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Tydskrif vir Geesteswetenskappe

On-line version ISSN 2224-7912
Print version ISSN 0041-4751

Abstract

BOOYSE, Cornelius; VAN NIEKERK, EJ; JANSEN, Cecelia  and  MULLER, Hélène. The relationship between work satisfaction and the leadership style of managers: A case study from the banking sector. Tydskr. geesteswet. [online]. 2016, vol.56, n.2-2, pp.555-572. ISSN 2224-7912.  http://dx.doi.org/10.17159/2224-7912/2016/v56n2-2a3.

The aim of this research was to investigate the way in which the dominant leadership style of training managers influences the work satisfaction of training consultants who provide adult education within a specific bank group in South Africa. This context is the training department of a specific banking group where one of the authors of this article worked and where a lack of work satisfaction has been identified as a real concern. For this purpose specific leadership styles (namely the democratic, autocratic and laissez-faire-leadership styles) and work satisfaction components (namely support, relationships and empowerment) were identified and a closed-ended questionnaire designed accordingly. Information requested in the questionnaire included the biographical details of respondents, their managers' perceived leadership styles and the respondents' sense of work satisfaction. The questionnaire was e-mailed to 137 training consultants in the training division of the bank and a response rate of 66.42% was reported. Respondents who took part in the study are mainly experienced white females who fall in the 31-40 and 41-50 years age groups. The data was analysed by means of quantitative statistical techniques to establish the statistical significance of the effect of dominant leadership style on experience of work satisfaction. Exploratory analysis shows that the majority of respondents identified the democratic leadership style as their manager's dominant style followed by the autocratic leadership style. The laissez-faire leadersip style was seldom recorded and some managers did not exhibit a dominant leadership style. Findings furthermore indicated that respondents expressed a level of uncertainty with management support in the work place. The same applied to relationships that managers build in the work place and with the empowerment that takes place in their work environment. Analysis of variance results of how these components of job satisfaction, namely support, interpersonal relationships and empowerment are affected by the dominant leadership style of managers and by the biographical attributes of participants, indicate that the democratic leadership style resulted in higher perceptions of work satisfaction with regard to the support provided, relationships built and employee empowerment compared to other leadership styles. In addition to the positive effect of the democratic leadership style, age also influenced perceptions of experienced support.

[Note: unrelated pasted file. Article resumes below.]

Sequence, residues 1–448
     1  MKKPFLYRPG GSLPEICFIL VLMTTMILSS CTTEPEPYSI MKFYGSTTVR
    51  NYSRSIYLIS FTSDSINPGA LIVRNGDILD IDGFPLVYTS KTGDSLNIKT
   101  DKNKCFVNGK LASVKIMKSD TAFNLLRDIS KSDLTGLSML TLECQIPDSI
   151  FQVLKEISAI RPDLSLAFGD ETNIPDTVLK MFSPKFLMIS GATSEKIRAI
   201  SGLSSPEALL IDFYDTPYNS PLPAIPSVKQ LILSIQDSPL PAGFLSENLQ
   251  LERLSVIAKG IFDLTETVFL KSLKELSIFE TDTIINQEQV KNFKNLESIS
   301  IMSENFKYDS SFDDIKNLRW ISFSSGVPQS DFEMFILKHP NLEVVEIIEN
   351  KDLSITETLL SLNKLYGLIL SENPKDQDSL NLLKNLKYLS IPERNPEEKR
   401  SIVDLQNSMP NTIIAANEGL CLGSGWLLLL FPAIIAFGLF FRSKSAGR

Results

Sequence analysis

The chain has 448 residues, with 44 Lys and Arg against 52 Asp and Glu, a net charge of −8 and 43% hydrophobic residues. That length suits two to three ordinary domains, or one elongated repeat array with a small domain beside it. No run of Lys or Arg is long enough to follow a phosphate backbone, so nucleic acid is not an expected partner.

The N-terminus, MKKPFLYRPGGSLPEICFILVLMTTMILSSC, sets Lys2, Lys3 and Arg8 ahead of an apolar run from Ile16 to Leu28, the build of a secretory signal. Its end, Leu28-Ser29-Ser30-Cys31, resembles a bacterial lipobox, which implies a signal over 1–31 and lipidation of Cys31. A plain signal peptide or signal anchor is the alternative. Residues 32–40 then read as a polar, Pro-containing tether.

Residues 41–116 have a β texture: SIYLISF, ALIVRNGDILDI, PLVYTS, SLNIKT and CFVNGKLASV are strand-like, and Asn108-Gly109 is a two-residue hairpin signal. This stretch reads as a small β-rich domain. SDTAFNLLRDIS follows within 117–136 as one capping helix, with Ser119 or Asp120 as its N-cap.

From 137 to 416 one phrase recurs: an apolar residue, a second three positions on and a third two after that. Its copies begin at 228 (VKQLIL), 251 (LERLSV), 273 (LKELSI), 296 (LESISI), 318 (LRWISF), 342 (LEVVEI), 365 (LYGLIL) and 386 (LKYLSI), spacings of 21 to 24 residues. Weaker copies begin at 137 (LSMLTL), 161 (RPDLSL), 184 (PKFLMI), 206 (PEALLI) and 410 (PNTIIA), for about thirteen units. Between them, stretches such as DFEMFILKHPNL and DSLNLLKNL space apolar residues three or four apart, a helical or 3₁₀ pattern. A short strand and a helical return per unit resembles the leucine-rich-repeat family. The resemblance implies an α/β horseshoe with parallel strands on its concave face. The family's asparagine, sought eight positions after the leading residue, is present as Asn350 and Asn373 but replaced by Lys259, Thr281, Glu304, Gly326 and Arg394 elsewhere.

Keywords : autocratic; democratic; empowerment; laissez-faire; leadership; leadership style; relationships; support; work satisfaction.

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